The incredibly shrinking hotel room

The San Francisco Chronicle has a report entitled “European hotels offer cheaper, tiny option”. In fact, the operative word for these hotels ought to be tiny.

Somewhat disingenuously classified as “sub-budget” the hotels offer “no window – with a standard size double bed and a washstand, toilet and shower. EasyHotel‘s “small” rooms run from 70 to 90 square feet; that’s about half the size of a low-end cruise cabin”. The Chronicle article notes that each “room comes with clean sheets, pillows and a towel, for the entire length of your stay”. Rather incredibly, almost anything else has a charge attached to it starting from about $18 for if a guest wants linen changed to $8 per day for use of the TV!

Other sub-budget chains offer appear to offer more both in terms of square footage as well as “amenities” including “free” linen changes and TV usage. These include Accor’s Formule 1 and another French chain Premiere Classe.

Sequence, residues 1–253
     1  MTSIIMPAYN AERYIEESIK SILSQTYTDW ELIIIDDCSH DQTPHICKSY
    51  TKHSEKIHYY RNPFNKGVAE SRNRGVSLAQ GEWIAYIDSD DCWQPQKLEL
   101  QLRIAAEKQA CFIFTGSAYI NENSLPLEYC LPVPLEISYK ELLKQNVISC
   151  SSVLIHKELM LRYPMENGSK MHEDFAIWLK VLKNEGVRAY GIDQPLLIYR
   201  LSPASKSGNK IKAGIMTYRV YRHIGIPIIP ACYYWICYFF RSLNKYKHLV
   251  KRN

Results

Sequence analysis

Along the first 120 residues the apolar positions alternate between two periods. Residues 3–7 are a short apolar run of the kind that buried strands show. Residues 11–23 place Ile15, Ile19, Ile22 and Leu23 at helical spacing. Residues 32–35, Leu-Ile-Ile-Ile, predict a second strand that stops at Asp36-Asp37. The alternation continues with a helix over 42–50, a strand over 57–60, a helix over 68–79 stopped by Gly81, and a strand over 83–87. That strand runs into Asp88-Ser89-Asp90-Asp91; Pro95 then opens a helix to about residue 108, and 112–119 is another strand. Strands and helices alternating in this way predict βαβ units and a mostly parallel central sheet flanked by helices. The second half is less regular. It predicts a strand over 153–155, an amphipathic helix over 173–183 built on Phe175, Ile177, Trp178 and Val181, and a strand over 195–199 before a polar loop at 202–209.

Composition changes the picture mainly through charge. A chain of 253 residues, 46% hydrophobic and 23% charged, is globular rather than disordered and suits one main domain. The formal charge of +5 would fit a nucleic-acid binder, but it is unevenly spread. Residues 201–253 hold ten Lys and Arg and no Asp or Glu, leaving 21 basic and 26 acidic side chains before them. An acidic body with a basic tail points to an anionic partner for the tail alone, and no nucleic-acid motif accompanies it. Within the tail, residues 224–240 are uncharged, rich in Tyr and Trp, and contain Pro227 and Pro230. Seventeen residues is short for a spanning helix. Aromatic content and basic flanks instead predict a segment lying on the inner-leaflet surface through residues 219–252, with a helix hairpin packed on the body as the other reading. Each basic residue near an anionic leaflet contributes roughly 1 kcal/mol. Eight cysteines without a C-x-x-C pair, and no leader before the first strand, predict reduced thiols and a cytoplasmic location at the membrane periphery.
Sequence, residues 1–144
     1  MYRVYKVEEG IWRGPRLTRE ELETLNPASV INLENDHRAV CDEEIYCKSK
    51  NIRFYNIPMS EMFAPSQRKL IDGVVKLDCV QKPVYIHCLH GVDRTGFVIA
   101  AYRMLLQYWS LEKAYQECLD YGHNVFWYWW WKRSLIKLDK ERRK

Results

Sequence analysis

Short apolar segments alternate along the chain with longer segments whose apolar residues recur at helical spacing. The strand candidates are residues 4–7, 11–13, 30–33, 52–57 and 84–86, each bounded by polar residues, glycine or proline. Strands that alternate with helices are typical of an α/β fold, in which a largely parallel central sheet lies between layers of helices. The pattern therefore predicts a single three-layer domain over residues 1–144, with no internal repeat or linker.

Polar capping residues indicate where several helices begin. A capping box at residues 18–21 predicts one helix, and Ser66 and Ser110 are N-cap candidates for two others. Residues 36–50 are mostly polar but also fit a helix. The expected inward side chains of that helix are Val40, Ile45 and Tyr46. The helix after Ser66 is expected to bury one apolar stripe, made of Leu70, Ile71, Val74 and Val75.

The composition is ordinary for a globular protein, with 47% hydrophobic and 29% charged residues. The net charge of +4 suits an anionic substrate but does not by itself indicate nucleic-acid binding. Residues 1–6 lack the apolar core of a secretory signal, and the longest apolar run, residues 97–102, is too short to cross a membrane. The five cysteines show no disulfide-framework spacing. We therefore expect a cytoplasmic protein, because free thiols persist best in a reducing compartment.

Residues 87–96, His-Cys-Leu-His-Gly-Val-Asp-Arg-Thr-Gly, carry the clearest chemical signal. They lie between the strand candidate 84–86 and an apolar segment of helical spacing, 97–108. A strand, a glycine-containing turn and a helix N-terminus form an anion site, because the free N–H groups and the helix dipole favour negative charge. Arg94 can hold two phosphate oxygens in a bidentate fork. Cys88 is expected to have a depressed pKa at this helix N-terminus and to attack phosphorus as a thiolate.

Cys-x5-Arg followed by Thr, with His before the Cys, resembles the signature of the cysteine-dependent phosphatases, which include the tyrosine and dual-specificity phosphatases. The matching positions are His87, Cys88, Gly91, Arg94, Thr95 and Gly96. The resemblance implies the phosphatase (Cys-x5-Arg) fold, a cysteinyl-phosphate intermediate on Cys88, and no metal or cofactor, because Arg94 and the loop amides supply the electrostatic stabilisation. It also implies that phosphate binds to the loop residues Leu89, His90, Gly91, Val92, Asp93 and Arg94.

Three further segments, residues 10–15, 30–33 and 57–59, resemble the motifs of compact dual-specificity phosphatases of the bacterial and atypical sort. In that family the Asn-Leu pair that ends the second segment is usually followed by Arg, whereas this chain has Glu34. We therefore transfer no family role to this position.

Easyhotels’ model is unlikely to have much appeal in the US even in conurbations such as New York and San Francisco from a consumer standpoint even if they get past regulatory hurdles stemming from a lack of a window but could find expression in other crowded cities such as Tokyo and Bombay with high real estate prices.

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Vijay Dandapani

Co-founder and president of a New York based hotel company for 24 years. Grew the firm to five hotels in Manhattan and also developed a greenfield project at MacArthur airport, New York. Speaker at numerous prestigious forums including Economy Hotels World Asia, Lodging Conference, NYU, Columbia University Real Estate Roundtable, Baruch College's Zicklin School and ALIS. President and ceo of New York City Hotel Association since January 2017.

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